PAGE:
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Award

NEAL Ascherson, the Independent on Sunday's columnist, has won the Orwell Prize for political writing. He is the first winner of the award, established by the George Orwell Memorial Fund and The Political Quarterly.

FILM / Bang, bang, you're alive: If death did not exist, the cinema would have had to invent it. Seldom is the screen so animated as when some actor is breathing his last. David Thomson considers dying in the movies, from the original 'Scarface' to 'In the Line of Fire', and nominates Hollywood's greatest expirer

THE SEVEN screenwriters are decent men and women. Their children have been in Non- Violence Awareness programs. They are devout in the faith that there are too many guns in America. Not to mention greater Los Angeles. But they have a problem with this script.

REVIEW / Soft men with hard centres: Adam Mars-Jones finds Clint Eastwood's new buddy-buddy movie, A Perfect World, both sentimental and sour

We don't exactly associate Clint Eastwood with pimping for tears, either as actor or director, but nothing brings out American sentimentality like a story about fathers and sons, and A Perfect World certainly sets out to wet a few cheeks. The strange thing about it is that it has all the characteristics of the heart-warming film except the warmth. Somehow that got left out. In one sequence, a father is ordered at gunpoint to tell his son he loves him ('Say it like you mean it'). That's pretty much the emotional dynamic of A Perfect World. We feel things not because we want to, but because a man with a gun tells us it will be much better for us if we do.

CINEMA / All's right with Clint's World

CLINT EASTWOOD is now a better director than actor. In both jobs, he has always thrived on limitation. Clint the Malibu monolith winces and glares, while Clint the director runs genre pieces through the hoops. He may be the apotheosis of the conservative artist. But while his attempts to break out of convention as an actor have verged on the ludicrous (his huffing, wooden impersonation of John Huston in White Hunter, Black Heart), as a director he's refined and deepened his genre material. In his new film, A Perfect World (15, released next Sunday), he polishes a formulaic script to a sheen.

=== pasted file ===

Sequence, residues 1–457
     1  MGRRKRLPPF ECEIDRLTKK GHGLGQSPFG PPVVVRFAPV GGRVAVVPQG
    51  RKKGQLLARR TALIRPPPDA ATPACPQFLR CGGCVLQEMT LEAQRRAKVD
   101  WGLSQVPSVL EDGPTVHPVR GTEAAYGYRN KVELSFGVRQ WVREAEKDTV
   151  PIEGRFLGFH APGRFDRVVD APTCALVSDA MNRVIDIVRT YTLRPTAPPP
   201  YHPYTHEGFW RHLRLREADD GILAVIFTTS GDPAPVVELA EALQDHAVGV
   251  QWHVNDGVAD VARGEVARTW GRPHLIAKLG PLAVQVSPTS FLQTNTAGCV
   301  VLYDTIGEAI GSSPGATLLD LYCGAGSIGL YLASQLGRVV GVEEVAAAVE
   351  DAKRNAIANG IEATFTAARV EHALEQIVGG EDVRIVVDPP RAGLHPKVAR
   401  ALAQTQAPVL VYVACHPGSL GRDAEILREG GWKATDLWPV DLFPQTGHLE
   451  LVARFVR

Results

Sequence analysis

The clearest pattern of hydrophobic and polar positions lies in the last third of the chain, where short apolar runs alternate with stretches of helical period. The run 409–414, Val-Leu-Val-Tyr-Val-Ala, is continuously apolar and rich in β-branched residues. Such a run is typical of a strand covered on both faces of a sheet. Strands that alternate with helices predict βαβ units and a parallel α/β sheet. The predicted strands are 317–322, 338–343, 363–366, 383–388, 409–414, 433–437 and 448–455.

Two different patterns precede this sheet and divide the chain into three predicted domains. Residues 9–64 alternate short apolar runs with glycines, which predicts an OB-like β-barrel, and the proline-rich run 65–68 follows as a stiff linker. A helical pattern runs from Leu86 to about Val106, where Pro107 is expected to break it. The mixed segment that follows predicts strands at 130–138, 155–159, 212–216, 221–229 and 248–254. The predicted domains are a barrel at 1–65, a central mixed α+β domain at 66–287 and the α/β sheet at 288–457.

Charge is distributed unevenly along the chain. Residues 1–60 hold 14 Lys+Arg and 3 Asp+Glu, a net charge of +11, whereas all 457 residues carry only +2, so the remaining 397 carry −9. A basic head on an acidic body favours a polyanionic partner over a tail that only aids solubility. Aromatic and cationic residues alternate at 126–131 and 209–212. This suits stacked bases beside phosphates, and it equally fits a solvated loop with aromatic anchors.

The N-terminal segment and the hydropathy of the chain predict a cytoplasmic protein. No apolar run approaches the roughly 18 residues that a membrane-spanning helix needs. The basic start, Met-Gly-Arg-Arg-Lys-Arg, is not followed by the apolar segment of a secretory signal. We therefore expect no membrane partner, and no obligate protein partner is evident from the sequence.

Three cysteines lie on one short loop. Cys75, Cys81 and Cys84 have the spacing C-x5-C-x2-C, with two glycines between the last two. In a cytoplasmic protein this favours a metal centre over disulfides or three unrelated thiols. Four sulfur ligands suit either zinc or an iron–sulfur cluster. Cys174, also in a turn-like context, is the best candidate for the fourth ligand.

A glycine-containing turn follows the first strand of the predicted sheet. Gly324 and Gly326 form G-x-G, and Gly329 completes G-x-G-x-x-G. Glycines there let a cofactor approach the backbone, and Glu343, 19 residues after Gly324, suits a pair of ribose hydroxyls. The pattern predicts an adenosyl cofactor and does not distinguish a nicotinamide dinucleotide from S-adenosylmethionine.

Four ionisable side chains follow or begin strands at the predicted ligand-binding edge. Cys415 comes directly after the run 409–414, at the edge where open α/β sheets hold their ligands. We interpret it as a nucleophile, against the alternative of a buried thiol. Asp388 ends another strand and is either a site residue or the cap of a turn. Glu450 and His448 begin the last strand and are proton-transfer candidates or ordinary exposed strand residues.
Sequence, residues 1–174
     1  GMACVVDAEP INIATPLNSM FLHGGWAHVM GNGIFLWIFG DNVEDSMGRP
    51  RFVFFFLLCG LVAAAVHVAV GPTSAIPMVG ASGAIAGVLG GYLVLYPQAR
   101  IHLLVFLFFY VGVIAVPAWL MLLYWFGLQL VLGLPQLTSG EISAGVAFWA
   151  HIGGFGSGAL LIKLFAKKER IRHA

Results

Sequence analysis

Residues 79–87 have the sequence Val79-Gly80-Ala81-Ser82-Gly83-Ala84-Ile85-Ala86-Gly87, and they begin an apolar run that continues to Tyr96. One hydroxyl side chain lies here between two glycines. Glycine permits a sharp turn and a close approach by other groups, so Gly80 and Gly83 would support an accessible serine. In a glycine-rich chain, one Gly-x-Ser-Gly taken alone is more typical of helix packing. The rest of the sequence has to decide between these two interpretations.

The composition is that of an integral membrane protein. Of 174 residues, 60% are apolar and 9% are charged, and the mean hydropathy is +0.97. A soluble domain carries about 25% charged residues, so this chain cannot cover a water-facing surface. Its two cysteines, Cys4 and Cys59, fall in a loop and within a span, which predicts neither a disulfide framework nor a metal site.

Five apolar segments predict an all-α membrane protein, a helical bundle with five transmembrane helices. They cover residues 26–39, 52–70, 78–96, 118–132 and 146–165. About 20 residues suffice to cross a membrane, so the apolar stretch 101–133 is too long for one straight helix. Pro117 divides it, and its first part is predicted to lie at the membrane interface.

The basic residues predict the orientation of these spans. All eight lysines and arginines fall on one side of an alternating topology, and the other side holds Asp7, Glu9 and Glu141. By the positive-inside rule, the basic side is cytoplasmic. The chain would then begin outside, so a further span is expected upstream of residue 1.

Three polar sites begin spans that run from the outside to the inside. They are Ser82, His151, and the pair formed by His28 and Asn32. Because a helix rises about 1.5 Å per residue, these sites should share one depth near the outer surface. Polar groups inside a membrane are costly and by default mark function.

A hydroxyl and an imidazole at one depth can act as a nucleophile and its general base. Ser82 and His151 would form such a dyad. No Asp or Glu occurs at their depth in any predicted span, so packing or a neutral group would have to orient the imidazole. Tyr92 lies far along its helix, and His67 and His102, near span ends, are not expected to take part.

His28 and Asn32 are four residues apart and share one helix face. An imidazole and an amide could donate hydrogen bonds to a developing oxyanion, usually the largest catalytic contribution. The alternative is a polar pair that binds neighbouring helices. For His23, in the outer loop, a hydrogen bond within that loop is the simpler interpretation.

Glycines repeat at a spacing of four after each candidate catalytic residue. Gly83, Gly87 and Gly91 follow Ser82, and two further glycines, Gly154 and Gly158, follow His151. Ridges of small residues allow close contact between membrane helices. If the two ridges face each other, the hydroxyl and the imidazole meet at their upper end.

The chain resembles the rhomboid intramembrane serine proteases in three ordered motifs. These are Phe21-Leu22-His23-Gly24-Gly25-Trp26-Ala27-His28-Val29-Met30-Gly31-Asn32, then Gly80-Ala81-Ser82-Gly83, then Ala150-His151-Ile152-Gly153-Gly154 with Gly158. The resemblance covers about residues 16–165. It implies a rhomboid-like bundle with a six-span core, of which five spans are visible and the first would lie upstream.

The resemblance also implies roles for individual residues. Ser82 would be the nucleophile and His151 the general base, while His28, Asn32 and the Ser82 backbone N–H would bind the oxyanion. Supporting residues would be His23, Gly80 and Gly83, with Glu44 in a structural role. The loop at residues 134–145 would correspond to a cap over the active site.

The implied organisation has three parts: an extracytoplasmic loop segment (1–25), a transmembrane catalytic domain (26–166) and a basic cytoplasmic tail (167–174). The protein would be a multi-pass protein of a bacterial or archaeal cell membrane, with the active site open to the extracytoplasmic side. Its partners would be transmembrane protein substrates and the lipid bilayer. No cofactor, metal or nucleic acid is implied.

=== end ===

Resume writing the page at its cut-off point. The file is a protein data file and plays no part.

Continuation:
FILM / Lights, camera, satisfaction: Time was when Hitchcock called them cattle, but now actors call the shots. Kevin Jackson on the stars turned directors

F Scott Fitzgerald famously observed that there are no second acts in American lives, but any number of American actors seem dead set on proving him wrong by nipping around to the other side of the camera, donning natty baseball caps and starting fresh careers as directors. Over the last couple of weeks, the London Film Festival has screened directorial debuts from the likes of Robert de Niro (A Bronx Tale), Andy Garcia (Cachao) and Forest Whitaker (Strapped). Meanwhile, The Man without a Face, Mel Gibson's first stab at directing, opened at the weekend.

The bad and the indifferent

LAST WEEK, I went to see Clint Eastwood's Unforgiven. In one sense, it was all Eastwood. Once again, the wordless, narrow-eyed loner wreaks justice with his gun. Once again, the sky and the mountains look down on a community mired in cruelty and cowardice, waiting for its saviour. But Unforgiven is more than just another Clintiad.

FILM / One man and his doggedness

A LOW hiss is pitted against a whiny drawl in In the Line of Fire (15): it's a battle between two memorable movie voices, Clint Eastwood and John Mal kovich. They don't talk much face to face: when they meet they're too busy hopping rooftops, duelling in lifts or hanging off ledges. But they chat a lot on the phone. Malkovich's cranky but clever killer spits out dental sounds like rifle shots: 'I see you standing over the grave of another dead President.' Eastwood's dim but dutiful Secret Servicer whispers sour nothing-doings back: 'That's not going to happen.' No crossed lines there, just crossed swords.

FILM / Sharing the myth: Sheila Johnston looks at the latest releases, including In the Line of Fire, which stars Clint Eastwood, and Blue